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Not Just Another Boxing Movie. 'Creed' Has Cred


Remember Apollo Creed, Rocky Balboa's boxing nemesis?


CARL WEATHERS: (As Apollo Creed) You got to remember now, you fight great, but I'm a great fighter.

WERTHEIMER: There's a new film with his name on it, and critic Kenneth Turan reports on the action.

KENNETH TURAN, BYLINE: "Creed" is billed as a "Rocky" spinoff, but it's actually something more interesting. It's a spiritual remake of the 1976 film that retells the original story in an unexpected and involving way. That's because after all those championship fights, it's easy to believe that this series had fought its final round.


UNIDENTIFIED ACTOR: (As character) Right to the chin.

TURAN: Ryan Coogler, director of the indie hit "Fruitvale Station," had other ideas. He's turned Rocky into a mentor to up-and-coming fighter Donnie Johnson, who just happens to be the illegitimate son of Rocky's rival, Apollo Creed. Donnie, played by Michael B. Jordan, can't shake a restless urge to box. He heads to Philadelphia to seek out the advice and counsel of the Italian stallion. Rocky, a Philly legend, is not hard to find.


SYLVESTER STALLONE: (As Rocky Balboa) So the girl said you wanted to talk about something.

MICHAEL B. JORDAN: (As Adonis Johnson) Yeah, I want to talk to you about training me.

STALLONE: (As Rocky Balboa) Training (laughter) I don't do that stuff no more. Sorry about that. Listen, it's getting kind of late, kid, so I'm going to close up.

JORDAN: (As Adonis Johnson) How good was he?

STALLONE: (As Rocky Balboa) Apollo, yeah, he was great. He's the perfect fighter, ain't nobody ever better.

JORDAN: (As Adonis Johnson) So how'd you beat him?

STALLONE: (As Rocky Balboa) Time beat him. Time, you know, takes everybody out. It's undefeated.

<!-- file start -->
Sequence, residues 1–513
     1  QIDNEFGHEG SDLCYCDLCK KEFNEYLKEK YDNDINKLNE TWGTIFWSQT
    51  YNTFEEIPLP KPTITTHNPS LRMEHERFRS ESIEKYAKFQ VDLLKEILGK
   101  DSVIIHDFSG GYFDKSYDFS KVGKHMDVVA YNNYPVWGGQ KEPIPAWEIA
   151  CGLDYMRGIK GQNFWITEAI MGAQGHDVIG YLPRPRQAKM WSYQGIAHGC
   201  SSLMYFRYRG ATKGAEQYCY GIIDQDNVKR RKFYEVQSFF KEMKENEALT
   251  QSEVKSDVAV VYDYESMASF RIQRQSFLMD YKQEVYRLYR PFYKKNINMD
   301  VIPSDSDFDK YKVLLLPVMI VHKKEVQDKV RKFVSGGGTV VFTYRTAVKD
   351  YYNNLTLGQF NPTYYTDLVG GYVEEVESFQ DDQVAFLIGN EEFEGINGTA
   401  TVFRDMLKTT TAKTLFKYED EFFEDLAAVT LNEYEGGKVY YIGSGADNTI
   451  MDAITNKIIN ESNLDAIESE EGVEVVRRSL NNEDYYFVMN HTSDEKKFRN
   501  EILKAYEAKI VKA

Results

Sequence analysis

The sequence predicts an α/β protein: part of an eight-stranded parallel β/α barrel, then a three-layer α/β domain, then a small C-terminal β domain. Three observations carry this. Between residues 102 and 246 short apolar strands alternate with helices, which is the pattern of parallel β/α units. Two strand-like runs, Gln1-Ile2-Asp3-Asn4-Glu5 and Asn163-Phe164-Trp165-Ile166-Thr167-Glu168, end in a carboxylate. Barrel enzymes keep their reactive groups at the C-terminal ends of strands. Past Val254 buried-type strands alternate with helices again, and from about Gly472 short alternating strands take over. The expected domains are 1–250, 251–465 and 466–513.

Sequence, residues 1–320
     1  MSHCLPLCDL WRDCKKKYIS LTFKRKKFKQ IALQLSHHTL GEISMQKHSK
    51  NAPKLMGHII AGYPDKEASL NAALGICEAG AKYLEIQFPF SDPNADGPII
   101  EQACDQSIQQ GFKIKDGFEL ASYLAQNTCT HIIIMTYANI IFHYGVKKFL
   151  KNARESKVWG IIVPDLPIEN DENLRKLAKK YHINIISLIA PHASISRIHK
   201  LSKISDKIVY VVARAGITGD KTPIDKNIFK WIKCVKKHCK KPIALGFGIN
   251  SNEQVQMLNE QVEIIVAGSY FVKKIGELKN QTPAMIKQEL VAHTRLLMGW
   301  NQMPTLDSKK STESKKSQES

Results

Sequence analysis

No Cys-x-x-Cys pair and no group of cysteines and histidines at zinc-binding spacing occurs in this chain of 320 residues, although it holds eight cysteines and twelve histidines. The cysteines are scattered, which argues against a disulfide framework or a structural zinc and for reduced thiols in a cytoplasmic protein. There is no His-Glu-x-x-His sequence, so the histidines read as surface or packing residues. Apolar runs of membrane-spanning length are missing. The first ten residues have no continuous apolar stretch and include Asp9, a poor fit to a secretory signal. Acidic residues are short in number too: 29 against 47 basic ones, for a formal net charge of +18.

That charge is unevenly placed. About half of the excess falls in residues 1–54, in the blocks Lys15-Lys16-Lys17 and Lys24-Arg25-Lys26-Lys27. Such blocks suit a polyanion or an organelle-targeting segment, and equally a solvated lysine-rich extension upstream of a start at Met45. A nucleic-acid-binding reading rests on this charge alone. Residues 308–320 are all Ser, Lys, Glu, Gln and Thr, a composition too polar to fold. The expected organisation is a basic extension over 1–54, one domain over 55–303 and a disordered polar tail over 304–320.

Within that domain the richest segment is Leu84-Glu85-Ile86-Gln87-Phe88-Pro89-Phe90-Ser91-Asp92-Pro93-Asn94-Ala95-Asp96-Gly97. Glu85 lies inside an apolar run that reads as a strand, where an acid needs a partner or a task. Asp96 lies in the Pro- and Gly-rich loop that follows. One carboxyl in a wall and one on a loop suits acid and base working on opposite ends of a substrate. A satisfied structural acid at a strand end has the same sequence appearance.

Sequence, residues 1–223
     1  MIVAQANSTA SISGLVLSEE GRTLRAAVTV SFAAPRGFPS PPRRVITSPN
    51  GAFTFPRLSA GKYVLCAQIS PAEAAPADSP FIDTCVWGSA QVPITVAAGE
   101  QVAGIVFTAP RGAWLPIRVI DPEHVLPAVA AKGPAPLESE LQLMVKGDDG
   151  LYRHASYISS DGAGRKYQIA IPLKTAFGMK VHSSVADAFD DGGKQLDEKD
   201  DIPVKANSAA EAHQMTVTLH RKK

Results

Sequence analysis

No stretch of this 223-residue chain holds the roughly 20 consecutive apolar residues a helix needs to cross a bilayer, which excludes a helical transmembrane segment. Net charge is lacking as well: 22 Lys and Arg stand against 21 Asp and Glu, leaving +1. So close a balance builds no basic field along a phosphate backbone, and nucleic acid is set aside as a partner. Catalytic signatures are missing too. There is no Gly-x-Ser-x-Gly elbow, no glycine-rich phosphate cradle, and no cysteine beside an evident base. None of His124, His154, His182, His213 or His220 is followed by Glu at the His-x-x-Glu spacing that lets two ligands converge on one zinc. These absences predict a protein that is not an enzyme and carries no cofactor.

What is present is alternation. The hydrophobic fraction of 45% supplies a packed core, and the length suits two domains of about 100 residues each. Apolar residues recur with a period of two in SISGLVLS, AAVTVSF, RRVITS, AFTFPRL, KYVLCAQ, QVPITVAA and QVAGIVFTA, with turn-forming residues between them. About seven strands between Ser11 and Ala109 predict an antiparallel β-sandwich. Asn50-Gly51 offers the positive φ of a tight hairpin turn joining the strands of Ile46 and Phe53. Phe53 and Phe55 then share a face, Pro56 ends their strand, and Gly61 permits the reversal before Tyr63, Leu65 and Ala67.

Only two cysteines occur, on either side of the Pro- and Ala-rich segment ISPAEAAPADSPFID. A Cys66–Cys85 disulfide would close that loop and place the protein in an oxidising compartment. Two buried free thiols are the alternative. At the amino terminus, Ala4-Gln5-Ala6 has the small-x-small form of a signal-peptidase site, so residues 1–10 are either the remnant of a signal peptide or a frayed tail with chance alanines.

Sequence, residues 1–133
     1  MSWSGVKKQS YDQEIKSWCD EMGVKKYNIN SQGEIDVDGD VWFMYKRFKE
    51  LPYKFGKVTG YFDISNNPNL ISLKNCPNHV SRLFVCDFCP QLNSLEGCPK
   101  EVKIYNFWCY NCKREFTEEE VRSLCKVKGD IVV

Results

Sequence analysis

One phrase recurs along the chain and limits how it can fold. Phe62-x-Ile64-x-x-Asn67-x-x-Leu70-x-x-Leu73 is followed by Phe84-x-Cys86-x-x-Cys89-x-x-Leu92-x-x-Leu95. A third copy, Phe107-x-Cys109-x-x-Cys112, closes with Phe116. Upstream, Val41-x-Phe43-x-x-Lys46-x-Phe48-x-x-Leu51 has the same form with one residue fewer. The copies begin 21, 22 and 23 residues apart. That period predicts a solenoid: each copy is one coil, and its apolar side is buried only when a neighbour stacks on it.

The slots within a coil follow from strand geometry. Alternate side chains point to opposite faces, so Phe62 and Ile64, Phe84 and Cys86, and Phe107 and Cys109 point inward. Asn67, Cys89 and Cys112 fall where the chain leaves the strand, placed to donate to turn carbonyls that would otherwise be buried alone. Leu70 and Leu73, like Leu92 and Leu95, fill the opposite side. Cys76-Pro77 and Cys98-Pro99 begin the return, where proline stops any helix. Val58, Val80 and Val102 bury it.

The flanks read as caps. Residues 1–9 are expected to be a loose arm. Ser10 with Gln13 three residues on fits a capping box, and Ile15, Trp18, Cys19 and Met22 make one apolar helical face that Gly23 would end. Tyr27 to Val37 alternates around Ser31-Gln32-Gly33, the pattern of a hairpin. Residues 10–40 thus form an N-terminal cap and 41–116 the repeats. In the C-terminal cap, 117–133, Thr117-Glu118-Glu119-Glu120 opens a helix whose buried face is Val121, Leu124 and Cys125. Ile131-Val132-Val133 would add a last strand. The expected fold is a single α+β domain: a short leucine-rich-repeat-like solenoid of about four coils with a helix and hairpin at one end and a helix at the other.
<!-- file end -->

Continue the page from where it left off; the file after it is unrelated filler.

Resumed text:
TURAN: Donnie, desperate for the formal ring training he's never had, is not easily put off. Before you know it - because there wouldn't be any movie otherwise - Rocky is helping out, cluing Donnie into old-school training methods, like chasing chickens to increase speed. Rocky also dispenses homilies like they were going out of style.


STALLONE: (As Rocky Balboa) Your father was special. To tell you the truth, I don't if you're special. Only you're going to know that when the time is right. But you got to work hard. I swear to God, if you're not going to do it, I'm out.

TURAN: Given that everyone works hard within the inevitable boundaries of a venerable franchise - this is a "Rocky" film after all - director Coogler and company do fine work convincing us that nothing we see is preordained, that anything can happen within the four corners of the ring. You can't ask a "Rocky" film to do more than that.


WERTHEIMER: Kenneth Turan reviews movies for MORNING EDITION and the LA Times. Transcript provided by NPR, Copyright NPR.

Kenneth Turan is the film critic for the Los Angeles Times and NPR's Morning Edition, as well as the director of the Los Angeles Times Book Prizes. He has been a staff writer for the Washington Post and TV Guide, and served as the Times' book review editor.